Design to Thrive: Creating Social Networks and Online Communities that Last by Tharon HowardDesign to Thrive: Creating Social Networks and Online Communities that Last by Tharon Howard

Design to Thrive: Creating Social Networks and Online Communities that Last

byTharon Howard, Tharon Howard

Other | December 8, 2009

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Social networks and online communities are reshaping the way people communicate, both in their personal and professional lives. What makes some succeed and others fail? What draws a user in? What makes them join? What keeps them coming back? Entrepreneurs and businesses are turning to user experience practitioners to figure this out. Though they are well-equipped to evaluate and create a variety of interfaces, social networks require a different set of design principles and ways of thinking about the user in order to be successful.

Design to Thrive presents tried and tested design methodologies, based on the author’s decades of research, to ensure successful and sustainable online communities -- whether a wiki for employees to share procedures and best practices or for the next Facebook. The book describes four criteria, called "RIBS," which are necessary to the design of a successful and sustainable online community. These concepts provide designers with the tools they need to generate informed creative and productive design ideas, to think proactively about the communities they are building or maintaining, and to design communities that encourage users to actively contribute.

  • Provides essential tools to create thriving social networks, helping designers to avoid common pitfalls, avoid costly mistakes, and to ensure that communities meet client needs
  • Contains real world stories from popular, well known communities to illustrate how the concepts work
  • Features a companion online network that employs the techniques outlined in the book
With over 30 years of experience researching and effectively applying social networks, Tharon W. Howard is a nationally recognized leader in the field. He is a Professor at Clemson University where he teaches in the doctoral program in Rhetoric(s), Communication, and Information Design and the Master of Arts in Professional Communicati...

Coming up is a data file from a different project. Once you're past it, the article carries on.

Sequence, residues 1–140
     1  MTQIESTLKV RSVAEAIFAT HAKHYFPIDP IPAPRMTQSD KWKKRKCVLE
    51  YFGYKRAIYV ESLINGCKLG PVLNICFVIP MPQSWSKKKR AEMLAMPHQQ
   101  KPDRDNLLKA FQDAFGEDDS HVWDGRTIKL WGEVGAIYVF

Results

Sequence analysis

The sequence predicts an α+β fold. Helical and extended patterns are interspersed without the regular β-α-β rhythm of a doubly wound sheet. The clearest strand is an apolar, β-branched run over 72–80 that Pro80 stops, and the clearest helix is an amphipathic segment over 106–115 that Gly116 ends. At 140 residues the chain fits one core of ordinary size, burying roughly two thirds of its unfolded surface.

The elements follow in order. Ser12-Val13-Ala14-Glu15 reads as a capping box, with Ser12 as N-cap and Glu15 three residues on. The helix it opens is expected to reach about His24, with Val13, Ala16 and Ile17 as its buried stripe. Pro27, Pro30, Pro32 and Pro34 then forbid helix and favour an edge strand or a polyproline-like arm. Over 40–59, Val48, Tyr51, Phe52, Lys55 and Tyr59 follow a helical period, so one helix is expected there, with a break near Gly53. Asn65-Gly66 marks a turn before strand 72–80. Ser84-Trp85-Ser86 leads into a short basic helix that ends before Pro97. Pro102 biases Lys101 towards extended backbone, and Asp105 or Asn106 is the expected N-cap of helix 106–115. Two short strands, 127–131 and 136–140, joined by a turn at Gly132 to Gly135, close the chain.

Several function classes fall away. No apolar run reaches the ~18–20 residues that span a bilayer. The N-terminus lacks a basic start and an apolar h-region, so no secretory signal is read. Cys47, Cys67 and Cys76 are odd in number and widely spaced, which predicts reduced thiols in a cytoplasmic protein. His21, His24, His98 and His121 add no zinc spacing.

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Title:Design to Thrive: Creating Social Networks and Online Communities that LastFormat:OtherDimensions:248 pages, 1 × 1 × 1 inPublished:December 8, 2009Publisher:Elsevier ScienceLanguage:English

The following ISBNs are associated with this title:

ISBN - 10:008095720X

ISBN - 13:9780080957203

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Table of Contents

Chapter 1: Introduction

I. Why are virtual communities and social networks so popular?
II. History of virtual communities (spans 30 years -- what is fad and what is not)
III. Business justification for implementing virtual communities
IV. Differences between "adhocracy," a "forum," a "group," a "virtual team," a "social network," and a "virtual community"? People are often sloppy with their use of these terms, which creates problems for designers.

Chapter 2: What are the factors needed for sustainable online communities?

I. What is a "heuristic" and why do we need one?
II. RIBS theory/process

Chapter 3: Remuneration

I. What is "remuneration"?
II. Case studies / popular examples?
III. What are some best practice strategies for ensuring remuneration is functioning?

Chapter 4: Influence

I. What is "influence"?
II. Case studies / popular examples?
III. Best practice strategies for ensuring influence is functioning?

Chapter 5: Belonging

I. What is "belonging"?
II. Case studies / popular examples?
III. Best practice strategies for ensuring remuneration is functioning?

Chapter 6: Significance

I. What is "significance"?
II. Case studies / popular examples?
III. Best practice strategies for ensuring significance is functioning?

Chapter 7: Conclusion

I. Summative discussion - lessons learned and how to apply them to designers' work
II. How RIBS can be used to think about designing for emerging media and delivery systems-particularly those involving mobile computing and video
III. RIBS' potential for the future of virtual community and social interface design